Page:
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Physics Department News

A Spin Entanglement Witness for Quantum Gravity - Is Gravity a Quantum Force?

Understanding gravity in the framework of quantum mechanics is one of the great challenges in modern physics. Along this line, a prime question is to find whether gravity is a quantum entity subject to the rules of quantum mechanics. It is fair to say that there are no feasible ideas yet to test the quantum coherent behaviour of gravity directly in a laboratory experiment. In a recent paper, Gavin Morley and colleagues introduce an idea for such a test based on the principle that two objects cannot be entangled without a quantum mediator.

Tue 21 November 2017, 17:55 | Tags: Research

350,000 stellar systems to be mapped by Warwick astronomers

Warwick Astronomers have joined the Sloan Digital Sky Survey (SDSS-V), making Warwick the first UK institution to be formally part of the project. Within SDSS-V, Boris Gaensicke will lead a spectroscopic survey of all stars within 100pc of the Earth - encompassing 350,000 systems, many of which are likely to host planetary systems.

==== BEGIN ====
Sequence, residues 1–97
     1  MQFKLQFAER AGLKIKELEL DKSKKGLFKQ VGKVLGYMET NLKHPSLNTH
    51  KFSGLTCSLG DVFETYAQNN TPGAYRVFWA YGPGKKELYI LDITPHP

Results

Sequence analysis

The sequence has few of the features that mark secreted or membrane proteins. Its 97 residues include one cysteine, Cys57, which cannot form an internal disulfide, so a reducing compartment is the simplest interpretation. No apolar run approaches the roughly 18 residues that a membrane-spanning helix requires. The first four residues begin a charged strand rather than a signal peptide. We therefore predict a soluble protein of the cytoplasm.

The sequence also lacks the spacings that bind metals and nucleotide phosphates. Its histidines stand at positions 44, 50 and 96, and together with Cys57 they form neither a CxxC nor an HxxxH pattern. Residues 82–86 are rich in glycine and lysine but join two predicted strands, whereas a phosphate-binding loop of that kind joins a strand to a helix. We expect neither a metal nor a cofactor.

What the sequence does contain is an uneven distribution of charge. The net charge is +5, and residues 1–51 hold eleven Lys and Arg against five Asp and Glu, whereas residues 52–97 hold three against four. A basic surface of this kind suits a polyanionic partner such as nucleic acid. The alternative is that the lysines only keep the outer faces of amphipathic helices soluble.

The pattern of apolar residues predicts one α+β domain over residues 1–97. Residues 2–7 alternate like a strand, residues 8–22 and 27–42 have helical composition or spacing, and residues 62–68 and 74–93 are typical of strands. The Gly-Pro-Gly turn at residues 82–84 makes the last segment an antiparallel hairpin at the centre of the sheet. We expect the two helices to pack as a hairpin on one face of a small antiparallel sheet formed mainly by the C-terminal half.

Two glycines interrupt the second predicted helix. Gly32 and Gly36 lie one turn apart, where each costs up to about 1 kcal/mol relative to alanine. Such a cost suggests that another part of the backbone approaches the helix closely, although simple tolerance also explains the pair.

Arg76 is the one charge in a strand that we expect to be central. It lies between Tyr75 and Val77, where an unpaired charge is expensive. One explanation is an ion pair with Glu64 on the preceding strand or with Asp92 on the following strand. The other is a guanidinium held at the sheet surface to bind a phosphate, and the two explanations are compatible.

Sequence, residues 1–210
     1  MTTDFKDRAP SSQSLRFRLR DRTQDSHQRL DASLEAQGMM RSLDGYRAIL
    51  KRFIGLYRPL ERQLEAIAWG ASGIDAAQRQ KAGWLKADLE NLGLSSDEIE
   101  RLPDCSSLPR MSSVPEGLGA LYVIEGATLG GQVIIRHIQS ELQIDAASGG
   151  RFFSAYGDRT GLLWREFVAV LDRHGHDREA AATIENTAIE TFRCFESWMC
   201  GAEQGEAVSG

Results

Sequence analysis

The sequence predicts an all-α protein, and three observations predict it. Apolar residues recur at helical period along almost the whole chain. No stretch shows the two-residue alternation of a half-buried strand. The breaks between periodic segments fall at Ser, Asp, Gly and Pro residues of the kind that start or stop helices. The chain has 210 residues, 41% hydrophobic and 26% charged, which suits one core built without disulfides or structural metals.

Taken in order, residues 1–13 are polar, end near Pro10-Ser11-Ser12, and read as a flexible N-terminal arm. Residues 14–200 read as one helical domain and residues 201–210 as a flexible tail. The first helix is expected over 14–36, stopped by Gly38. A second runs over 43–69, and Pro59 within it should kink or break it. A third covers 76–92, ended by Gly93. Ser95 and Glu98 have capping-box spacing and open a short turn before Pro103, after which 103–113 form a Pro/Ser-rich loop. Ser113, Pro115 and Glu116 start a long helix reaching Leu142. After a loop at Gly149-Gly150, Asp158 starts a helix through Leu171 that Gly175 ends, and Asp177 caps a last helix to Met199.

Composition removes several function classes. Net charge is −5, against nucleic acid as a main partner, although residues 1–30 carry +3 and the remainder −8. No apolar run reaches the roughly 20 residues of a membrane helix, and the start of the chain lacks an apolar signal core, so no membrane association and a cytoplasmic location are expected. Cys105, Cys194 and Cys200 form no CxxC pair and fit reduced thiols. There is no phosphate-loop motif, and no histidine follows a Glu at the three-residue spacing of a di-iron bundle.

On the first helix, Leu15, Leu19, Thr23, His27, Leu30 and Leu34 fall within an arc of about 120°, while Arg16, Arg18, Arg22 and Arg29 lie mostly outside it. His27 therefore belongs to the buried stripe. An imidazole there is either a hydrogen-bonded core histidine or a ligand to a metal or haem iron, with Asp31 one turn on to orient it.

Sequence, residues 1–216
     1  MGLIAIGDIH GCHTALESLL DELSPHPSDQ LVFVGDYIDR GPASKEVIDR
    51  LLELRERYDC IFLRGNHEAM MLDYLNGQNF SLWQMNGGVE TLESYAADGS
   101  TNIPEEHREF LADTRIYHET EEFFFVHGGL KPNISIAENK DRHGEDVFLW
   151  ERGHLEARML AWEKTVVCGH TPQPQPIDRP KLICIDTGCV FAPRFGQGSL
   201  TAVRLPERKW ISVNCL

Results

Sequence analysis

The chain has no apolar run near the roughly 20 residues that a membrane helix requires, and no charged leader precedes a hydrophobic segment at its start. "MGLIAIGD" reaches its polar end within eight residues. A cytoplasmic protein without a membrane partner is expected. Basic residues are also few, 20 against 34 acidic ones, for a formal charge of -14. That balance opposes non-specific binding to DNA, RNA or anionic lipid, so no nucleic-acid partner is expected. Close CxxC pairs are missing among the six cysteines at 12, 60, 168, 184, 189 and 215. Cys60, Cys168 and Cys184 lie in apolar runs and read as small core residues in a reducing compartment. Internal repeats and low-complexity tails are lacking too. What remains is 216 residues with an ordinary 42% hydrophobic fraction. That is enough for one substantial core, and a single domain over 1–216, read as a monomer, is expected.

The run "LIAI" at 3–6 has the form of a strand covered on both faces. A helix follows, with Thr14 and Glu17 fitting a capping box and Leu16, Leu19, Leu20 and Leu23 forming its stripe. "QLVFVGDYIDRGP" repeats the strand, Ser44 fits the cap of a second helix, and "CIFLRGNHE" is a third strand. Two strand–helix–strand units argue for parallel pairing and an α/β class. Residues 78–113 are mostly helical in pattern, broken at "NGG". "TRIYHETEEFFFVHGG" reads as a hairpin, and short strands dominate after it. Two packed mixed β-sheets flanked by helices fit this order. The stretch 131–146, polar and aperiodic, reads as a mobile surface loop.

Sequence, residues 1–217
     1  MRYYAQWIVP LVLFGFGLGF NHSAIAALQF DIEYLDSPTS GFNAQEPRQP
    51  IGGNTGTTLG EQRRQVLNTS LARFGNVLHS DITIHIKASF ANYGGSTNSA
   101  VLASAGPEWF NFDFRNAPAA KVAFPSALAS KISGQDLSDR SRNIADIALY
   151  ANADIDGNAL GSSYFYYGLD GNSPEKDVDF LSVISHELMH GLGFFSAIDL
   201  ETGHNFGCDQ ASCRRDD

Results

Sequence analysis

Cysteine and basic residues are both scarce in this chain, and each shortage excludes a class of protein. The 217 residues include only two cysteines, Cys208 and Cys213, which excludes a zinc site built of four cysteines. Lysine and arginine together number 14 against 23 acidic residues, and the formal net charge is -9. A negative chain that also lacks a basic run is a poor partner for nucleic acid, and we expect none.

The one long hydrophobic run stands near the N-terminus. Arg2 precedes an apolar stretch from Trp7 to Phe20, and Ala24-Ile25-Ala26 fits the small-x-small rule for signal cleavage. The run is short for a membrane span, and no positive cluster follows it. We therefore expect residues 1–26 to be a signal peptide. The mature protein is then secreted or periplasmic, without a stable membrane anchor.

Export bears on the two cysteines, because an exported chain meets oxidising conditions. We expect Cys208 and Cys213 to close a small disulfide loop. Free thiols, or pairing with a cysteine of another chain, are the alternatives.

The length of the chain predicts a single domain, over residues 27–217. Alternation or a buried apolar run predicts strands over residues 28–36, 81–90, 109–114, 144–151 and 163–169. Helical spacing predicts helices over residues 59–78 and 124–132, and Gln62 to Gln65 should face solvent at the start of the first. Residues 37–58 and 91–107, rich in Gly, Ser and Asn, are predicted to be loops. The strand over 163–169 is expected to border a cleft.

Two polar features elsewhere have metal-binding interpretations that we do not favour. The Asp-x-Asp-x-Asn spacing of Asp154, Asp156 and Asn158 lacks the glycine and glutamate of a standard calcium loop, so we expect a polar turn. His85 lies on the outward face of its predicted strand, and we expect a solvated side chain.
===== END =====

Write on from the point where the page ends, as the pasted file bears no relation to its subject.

Fri 17 November 2017, 14:16 | Tags: Feature News, announcements

Gavin Bell selected as WIHEA Fellow for 2017-20

Dr Gavin Bell has become the first member of the Physics department to be selected as a fellow of the Warwick International Higher Education Academy (WIHEA).

A WIHEA Fellowship recognises and rewards outstanding achievements in learning and teaching and is an exceptional opportunity to engage with colleagues across the university, improve the student experience, make a genuine difference to Warwick and strengthen career development.

Fri 10 November 2017, 14:38 | Tags: Feature News, Staff and Department

First planet found by NGTS - it's a monster!

New research, led by Dan Bayliss and Peter Wheatley, has identified an unusual planet NGTS-1b - the largest planet compared to the size of its companion star ever discovered in the universe.

Dan Bayliss, lead author of the research, commented: "The discovery of NGTS-1b was a complete surprise to us - such massive planets were not thought to exist around such small stars. This is the first exoplanet we have found with our new NGTS facility and we are already challenging the received wisdom of how planets form."

Peter Wheatley added, “Having worked for almost a decade to develop NGTS, it is thrilling to see it picking out new and unexpected types of planets."

Tue 31 October 2017, 18:25 | Tags: Research, Faculty of Science

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